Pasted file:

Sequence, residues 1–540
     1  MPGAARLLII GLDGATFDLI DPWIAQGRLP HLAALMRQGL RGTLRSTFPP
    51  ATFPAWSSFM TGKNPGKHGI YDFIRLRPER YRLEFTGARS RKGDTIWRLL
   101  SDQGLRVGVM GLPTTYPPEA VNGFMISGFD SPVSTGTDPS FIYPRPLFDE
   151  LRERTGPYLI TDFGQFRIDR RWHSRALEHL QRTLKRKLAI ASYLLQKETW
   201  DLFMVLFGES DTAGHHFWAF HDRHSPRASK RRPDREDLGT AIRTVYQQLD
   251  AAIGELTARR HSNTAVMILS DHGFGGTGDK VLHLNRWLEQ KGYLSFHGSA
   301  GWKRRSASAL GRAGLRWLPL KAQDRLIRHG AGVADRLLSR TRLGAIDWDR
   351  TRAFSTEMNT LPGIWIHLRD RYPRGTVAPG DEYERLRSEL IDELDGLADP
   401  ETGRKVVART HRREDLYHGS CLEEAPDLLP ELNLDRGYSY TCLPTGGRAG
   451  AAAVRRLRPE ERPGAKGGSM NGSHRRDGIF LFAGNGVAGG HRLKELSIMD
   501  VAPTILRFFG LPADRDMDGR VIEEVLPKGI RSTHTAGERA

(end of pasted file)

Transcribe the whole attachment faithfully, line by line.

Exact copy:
Sequence, residues 1–540
     1  MPGAARLLII GLDGATFDLI DPWIAQGRLP HLAALMRQGL RGTLRSTFPP
    51  ATFPAWSSFM TGKNPGKHGI YDFIRLRPER YRLEFTGARS RKGDTIWRLL
   101  SDQGLRVGVM GLPTTYPPEA VNGFMISGFD SPVSTGTDPS FIYPRPLFDE
   151  LRERTGPYLI TDFGQFRIDR RWHSRALEHL QRTLKRKLAI ASYLLQKETW
   201  DLFMVLFGES DTAGHHFWAF HDRHSPRASK RRPDREDLGT AIRTVYQQLD
   251  AAIGELTARR HSNTAVMILS DHGFGGTGDK VLHLNRWLEQ KGYLSFHGSA
   301  GWKRRSASAL GRAGLRWLPL KAQDRLIRHG AGVADRLLSR TRLGAIDWDR
   351  TRAFSTEMNT LPGIWIHLRD RYPRGTVAPG DEYERLRSEL IDELDGLADP
   401  ETGRKVVART HRREDLYHGS CLEEAPDLLP ELNLDRGYSY TCLPTGGRAG
   451  AAAVRRLRPE ERPGAKGGSM NGSHRRDGIF LFAGNGVAGG HRLKELSIMD
   501  VAPTILRFFG LPADRDMDGR VIEEVLPKGI RSTHTAGERA